Quartzite head of Amenhotep III

From Egypt
18th Dynasty, around 1350 BC

The rejuvenated king

An exact likeness was not the main intention of most Egyptian art. However, a number of Egyptian statues are thought to resemble their subjects. Generally, the aim was to express a certain idea or show the subject in one particular light. Most royal statues show the king in an idealized form as the ruler of the world, neither very young nor very old.

This head of Amenhotep III (1390-1352 BC) has distinctively young features, and would seem an exception to this rule. There does, however, appear to be a reason. After a period of rule of thirty years, it was customary to celebrate a jubilee (know as a sed festival), at which the king's powers were symbolically reinvigorated and rejuvenated. The ceremony was then repeated every three years. It is known that Amenhotep III celebrated three such festivals. The images of him with youthful features seem to date to this later part of his reign, and are part of a conscious attempt to portray himself as renewed in the process. This ultimately led him to identify himself with the sun-god, Re.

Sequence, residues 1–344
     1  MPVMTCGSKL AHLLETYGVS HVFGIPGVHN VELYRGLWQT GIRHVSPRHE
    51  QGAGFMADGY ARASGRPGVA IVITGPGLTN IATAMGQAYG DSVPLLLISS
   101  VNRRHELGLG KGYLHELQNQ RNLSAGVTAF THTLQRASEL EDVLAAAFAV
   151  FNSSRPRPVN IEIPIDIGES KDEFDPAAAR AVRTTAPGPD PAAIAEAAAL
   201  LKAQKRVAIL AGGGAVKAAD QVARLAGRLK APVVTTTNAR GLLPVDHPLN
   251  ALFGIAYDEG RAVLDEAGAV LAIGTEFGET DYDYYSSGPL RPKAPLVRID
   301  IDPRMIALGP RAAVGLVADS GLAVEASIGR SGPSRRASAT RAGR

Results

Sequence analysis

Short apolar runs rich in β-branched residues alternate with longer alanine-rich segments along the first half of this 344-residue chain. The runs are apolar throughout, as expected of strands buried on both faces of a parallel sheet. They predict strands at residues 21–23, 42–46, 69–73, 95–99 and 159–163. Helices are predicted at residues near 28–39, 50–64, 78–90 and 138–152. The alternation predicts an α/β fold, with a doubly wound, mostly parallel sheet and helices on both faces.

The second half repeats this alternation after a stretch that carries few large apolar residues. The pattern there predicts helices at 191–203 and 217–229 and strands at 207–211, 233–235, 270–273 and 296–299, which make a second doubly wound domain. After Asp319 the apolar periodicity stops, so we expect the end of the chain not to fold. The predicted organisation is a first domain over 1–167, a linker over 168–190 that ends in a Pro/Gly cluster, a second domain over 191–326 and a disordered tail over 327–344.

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More information


W. Seipel, Gott-Mensch-Pharao (Vienna, Kunsthistoriches Museum, 1992)

S. Quirke and A.J. Spencer, The British Museum book of anc (London, The British Museum Press, 1992)


Height: 23.800 cm (max.)
Width: 16.500 cm

Museum number

EA 30448



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